History of the IGR

Immediately following the Revolutionary War, the territory which was to become Indiana was opened up, and free lands were offered to veterans of that war. They came by the thousands and established many towns, including Vincennes, Terre Haute, Greencastle and Indianapolis. Immediately, it became apparent that the citizens must be prepared to defend the settlements. In these days, there was an informal agreement that all-able-bodied men would come to the defense of the settlement, typically from natives, but sometimes from marauding outlaw bands. This informal arrangement for the defense of the early settlements of the Indiana Territory lasted until just before the Civil War.

In 1861, the Indiana Legion was organized with the stated mission of settling internal disorders, and repelling attacks from without. The Indiana Legion endured for almost 35 years and culminated with the establishment of the Indiana National Guard in 1895. Around 1910, the Liberty Guard was established, which was the first suggestion of an organization that could be construed as a precursor to the Indiana Guard Reserve came into being. This was a very informal organization to say the least; the members met sporadically, primarily for the purpose of social interaction. They participated as a unit only in parades, fairs and patriotic celebrations. At this time a relationship between the Indiana National Guard and the Liberty Guard did not exist, except for occasional overlapping of membership.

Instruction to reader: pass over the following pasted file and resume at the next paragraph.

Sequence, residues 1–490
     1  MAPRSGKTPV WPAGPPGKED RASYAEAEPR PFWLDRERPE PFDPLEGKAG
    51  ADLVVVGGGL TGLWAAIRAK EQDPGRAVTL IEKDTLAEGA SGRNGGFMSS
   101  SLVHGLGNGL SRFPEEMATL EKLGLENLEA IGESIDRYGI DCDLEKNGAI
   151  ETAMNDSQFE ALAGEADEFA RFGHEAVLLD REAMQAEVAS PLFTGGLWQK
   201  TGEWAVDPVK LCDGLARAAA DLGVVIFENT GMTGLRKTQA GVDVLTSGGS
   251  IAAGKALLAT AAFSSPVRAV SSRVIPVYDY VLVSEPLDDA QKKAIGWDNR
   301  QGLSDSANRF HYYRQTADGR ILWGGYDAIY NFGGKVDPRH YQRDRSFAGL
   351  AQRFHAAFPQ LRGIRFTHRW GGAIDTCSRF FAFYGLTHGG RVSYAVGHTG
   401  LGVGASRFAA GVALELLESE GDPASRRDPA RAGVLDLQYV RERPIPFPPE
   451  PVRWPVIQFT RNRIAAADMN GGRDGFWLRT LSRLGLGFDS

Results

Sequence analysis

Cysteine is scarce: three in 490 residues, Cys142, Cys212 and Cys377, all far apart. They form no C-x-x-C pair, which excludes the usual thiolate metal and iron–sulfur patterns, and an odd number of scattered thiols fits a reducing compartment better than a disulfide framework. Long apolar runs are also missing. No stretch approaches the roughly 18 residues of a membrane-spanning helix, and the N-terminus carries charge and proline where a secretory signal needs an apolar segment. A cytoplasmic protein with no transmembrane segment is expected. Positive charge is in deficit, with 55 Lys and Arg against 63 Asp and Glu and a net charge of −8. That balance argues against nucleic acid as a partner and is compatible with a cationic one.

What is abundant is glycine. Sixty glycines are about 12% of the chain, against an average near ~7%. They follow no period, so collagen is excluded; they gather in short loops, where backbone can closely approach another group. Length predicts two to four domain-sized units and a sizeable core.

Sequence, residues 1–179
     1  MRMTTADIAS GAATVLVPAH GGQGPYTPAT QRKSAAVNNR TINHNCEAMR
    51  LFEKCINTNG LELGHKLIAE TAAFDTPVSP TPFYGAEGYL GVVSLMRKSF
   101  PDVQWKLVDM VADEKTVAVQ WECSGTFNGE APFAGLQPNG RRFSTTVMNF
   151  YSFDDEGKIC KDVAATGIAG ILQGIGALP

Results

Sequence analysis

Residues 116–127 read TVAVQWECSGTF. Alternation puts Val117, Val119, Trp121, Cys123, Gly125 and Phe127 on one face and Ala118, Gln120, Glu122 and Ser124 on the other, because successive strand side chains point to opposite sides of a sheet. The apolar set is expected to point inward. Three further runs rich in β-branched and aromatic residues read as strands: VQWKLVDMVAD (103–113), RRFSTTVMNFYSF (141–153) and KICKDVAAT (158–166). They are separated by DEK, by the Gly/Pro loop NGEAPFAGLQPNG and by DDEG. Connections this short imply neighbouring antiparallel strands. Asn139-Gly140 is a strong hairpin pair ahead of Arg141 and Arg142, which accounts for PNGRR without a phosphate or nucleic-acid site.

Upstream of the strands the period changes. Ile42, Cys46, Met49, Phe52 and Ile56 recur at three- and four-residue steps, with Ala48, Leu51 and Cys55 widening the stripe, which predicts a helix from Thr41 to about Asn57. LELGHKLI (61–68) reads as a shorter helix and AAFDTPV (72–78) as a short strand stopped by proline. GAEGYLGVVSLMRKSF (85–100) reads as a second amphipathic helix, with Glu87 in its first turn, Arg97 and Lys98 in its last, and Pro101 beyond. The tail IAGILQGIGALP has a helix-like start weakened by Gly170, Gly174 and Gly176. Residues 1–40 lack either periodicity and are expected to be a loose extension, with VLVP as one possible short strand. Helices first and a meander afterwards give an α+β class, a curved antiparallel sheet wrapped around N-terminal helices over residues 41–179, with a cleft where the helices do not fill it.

In November 1920 the Liberty Guard of Indiana was transformed into a more formal organization called the Indiana Civil Defense Force, which had a defined mission; for the first time there was a clear recognition of a need for a military contribution in the event the National guard was called into federal service. For the first time there was an effort, albeit not very successful, to provide more formal military training. The members of the Indiana Civil Defense Force were organized into brigades, battalions, and companies, in a structure which continued to exist almost without change until the Indiana Civil Defense Force was transformed into the Indiana State Guard on March 10, 1941, an organization which was to exist as an adjunct to the Indiana National Guard.